One of the ultimate horror films, just thinking of Norman Bates gives me the chills. Even in 2010 this film packs a chillfest.
Quick Tip by . November 02, 2009
Psycho is a shocker and will remain so. Hitchcock took a chance when he killed off his leading lady at the beginning of the film!
review by . February 25, 2005
Pros: An American Movie Classic; frightening; interesting; great story     Cons: Probably not interesting to those who don't like "old" films     The Bottom Line: This movie is a classic. If you've never seen Psycho, you really should.     Plot Details: This opinion reveals major details about the movie's plot. Before taking my Hitchcock class at The University of Alaska - Anchorage, the only Hitchcock film I had seen was The Birds. To …
review by . May 18, 2000
Pros: combining these releases, hard to pick - but the story line remains great     Cons: lost a little with the retelling of the tale :(     THAT WAS THEN 1960 .... The blood curling scream, the knife, the sound of water swirling down the drain, a shot to the drain, water and blood combined .... always the gurgling of the water slowly, slowly leaving the tub. One beautiful eye, staring into nothingness. Hauntingly eerie in stark black and white .....   …
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Wiki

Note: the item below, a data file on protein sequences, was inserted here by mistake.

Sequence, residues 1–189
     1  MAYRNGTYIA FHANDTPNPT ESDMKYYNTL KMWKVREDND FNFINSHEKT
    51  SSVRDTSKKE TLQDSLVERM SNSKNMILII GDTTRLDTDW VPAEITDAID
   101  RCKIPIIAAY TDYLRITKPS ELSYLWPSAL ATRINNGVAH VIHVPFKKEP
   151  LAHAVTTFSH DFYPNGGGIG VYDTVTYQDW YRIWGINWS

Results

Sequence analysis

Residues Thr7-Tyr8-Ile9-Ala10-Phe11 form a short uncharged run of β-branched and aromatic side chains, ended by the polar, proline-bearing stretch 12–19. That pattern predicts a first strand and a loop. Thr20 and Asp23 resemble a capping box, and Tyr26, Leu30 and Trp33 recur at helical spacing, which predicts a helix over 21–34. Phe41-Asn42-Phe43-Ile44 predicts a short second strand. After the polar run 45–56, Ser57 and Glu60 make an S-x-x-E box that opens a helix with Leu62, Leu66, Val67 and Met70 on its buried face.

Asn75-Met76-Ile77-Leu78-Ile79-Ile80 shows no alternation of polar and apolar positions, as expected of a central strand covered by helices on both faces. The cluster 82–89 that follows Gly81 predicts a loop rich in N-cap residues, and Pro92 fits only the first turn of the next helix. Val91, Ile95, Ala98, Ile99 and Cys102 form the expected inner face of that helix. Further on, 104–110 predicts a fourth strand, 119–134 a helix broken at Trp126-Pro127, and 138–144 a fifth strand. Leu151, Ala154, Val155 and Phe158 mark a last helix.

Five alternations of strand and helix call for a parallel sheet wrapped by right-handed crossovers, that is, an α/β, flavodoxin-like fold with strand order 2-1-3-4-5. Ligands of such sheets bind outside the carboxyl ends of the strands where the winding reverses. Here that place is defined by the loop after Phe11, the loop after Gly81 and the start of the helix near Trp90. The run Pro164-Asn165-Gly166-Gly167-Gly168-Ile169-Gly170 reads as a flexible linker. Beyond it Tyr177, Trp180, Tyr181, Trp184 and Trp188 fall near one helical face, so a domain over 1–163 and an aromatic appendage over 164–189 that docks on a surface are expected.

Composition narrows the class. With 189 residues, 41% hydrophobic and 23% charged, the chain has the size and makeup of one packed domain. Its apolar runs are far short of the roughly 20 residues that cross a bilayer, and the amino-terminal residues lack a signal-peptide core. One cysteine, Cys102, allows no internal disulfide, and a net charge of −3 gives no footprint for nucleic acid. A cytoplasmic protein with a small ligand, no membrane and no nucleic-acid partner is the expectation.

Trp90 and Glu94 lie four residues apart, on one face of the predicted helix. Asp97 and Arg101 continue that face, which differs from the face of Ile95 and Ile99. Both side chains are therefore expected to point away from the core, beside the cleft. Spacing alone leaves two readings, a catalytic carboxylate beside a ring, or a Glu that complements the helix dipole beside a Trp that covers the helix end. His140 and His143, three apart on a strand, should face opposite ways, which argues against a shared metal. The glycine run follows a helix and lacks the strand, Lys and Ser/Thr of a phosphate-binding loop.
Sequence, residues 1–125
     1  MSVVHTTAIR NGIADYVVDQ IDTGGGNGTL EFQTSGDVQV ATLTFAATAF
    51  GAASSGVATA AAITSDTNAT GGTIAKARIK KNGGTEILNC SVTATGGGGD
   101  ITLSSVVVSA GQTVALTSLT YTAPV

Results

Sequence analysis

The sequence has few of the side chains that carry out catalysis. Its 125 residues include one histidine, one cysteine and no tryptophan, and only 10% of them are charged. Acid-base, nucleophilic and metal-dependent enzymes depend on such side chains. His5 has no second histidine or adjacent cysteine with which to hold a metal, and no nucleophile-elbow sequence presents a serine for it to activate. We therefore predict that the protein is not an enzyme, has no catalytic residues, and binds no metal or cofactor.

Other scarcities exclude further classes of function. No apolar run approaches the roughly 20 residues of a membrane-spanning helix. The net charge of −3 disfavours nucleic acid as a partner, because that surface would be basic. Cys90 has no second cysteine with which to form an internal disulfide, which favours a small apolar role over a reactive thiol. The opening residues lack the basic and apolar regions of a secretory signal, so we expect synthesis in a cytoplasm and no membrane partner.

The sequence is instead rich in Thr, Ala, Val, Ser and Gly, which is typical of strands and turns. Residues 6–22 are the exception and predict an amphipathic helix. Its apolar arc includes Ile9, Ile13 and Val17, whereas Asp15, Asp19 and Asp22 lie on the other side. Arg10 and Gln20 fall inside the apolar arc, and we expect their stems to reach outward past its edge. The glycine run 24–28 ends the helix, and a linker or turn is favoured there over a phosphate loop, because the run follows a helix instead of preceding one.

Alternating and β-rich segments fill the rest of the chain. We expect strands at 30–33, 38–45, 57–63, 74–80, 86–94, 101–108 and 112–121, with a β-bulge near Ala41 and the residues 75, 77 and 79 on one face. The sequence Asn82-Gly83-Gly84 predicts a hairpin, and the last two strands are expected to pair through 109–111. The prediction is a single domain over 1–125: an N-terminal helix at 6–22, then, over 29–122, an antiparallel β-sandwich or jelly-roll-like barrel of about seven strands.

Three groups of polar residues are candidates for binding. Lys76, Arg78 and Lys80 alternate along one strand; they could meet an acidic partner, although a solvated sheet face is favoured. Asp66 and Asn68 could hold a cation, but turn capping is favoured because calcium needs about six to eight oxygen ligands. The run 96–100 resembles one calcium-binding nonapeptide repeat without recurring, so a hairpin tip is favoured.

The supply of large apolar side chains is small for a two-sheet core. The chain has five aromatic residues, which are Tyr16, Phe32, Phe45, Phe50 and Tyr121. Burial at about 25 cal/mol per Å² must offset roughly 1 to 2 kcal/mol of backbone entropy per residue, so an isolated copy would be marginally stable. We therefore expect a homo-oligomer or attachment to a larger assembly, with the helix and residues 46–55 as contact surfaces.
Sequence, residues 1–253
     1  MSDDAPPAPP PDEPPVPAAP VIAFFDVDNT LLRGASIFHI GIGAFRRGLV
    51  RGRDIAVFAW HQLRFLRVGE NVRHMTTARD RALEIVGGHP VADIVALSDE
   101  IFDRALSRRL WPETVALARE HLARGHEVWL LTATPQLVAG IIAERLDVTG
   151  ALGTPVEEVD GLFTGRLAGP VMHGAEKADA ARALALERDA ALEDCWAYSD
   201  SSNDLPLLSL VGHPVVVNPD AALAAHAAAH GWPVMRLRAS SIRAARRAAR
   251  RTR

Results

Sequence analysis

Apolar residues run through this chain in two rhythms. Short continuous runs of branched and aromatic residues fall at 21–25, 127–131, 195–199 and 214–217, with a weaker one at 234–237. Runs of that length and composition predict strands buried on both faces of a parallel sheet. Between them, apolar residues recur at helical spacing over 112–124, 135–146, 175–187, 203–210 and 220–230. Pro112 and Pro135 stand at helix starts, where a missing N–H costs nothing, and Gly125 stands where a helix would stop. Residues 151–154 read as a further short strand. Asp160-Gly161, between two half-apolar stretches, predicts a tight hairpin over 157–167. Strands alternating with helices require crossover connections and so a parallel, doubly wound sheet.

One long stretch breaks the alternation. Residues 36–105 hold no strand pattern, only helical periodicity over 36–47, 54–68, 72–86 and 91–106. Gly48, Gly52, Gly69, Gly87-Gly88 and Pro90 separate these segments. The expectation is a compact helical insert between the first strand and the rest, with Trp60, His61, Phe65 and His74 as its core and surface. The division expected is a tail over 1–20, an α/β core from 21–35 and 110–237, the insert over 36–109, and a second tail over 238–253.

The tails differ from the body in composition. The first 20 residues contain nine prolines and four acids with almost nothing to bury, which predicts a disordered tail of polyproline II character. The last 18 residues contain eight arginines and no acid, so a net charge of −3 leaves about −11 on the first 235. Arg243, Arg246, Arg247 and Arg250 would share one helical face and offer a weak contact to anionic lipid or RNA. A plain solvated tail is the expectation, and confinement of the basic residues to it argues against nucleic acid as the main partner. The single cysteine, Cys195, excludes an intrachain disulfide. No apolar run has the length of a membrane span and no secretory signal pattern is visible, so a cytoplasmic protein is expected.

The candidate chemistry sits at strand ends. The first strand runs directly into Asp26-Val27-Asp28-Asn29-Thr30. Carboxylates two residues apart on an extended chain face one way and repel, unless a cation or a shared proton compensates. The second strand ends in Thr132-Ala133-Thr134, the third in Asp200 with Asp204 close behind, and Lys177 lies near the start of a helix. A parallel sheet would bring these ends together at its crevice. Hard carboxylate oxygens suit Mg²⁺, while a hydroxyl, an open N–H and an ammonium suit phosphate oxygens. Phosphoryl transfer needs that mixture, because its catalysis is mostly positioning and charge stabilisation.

Psycho The movie poster for Psycho features a large image of a young woman in white underwear. The names of the main actors are featured down the right side of the poster. Smaller images of Anthony Perkins and John Gavin are above the words, written in large print, "Alfred Hitchcock's Psycho".
Theatrical release poster Directed by Alfred Hitchcock Produced by Alfred Hitchcock Written by Joseph Stefano Starring Anthony Perkins
Vera Miles
John Gavin
Janet Leigh Music by Bernard Herrmann Cinematography John L. Russell Editing by George Tomasini Studio Shamley Productions Distributed by 1960–1968:
Paramount Pictures
1968-present:
Universal Pictures Release date(s) June 16, 1960 (1960-06-16) Running time 108 minutes Country United States Language English Budget $806,947 Gross revenue $32 million Followed by Psycho II

Psycho is a 1960 American suspense film directed by Alfred Hitchcock. The film is based on the screenplay by Joseph Stefano, who adapted it from the 1959 novel of the same name by Robert Bloch. The novel was based on the crimes of Wisconsin serial killer Ed Gein.[1]

The film depicts the encounter between a secretary, Marion Crane (Janet Leigh), who is in hiding at a motel after embezzling from her employer, and the motel's owner, Norman Bates (Anthony Perkins), and the aftermath of their encounter.[2]

Psycho initially received mixed reviews, but outstanding box office returns prompted a re-review which was overwhelmingly positive and led to four Academy Award nominations. Psycho is now considered one of Hitchcock's best films[3] and is highly praised as a work of cinematic art by international critics.[4] The film spawned two sequels, a prequel, a remake, and an unsuccessful television spin-off.

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Details

Director: Alfred Hitchcock
Genre: Classics, Crime, Mystery, Thriller
Release Date: June 16, 1960
MPAA Rating: R
Screen Writer: Joseph Stefano, Robert Bloch
Runtime: 2hrs 0min
Studio: Paramount Pictures, Universal Studios Home Entertainment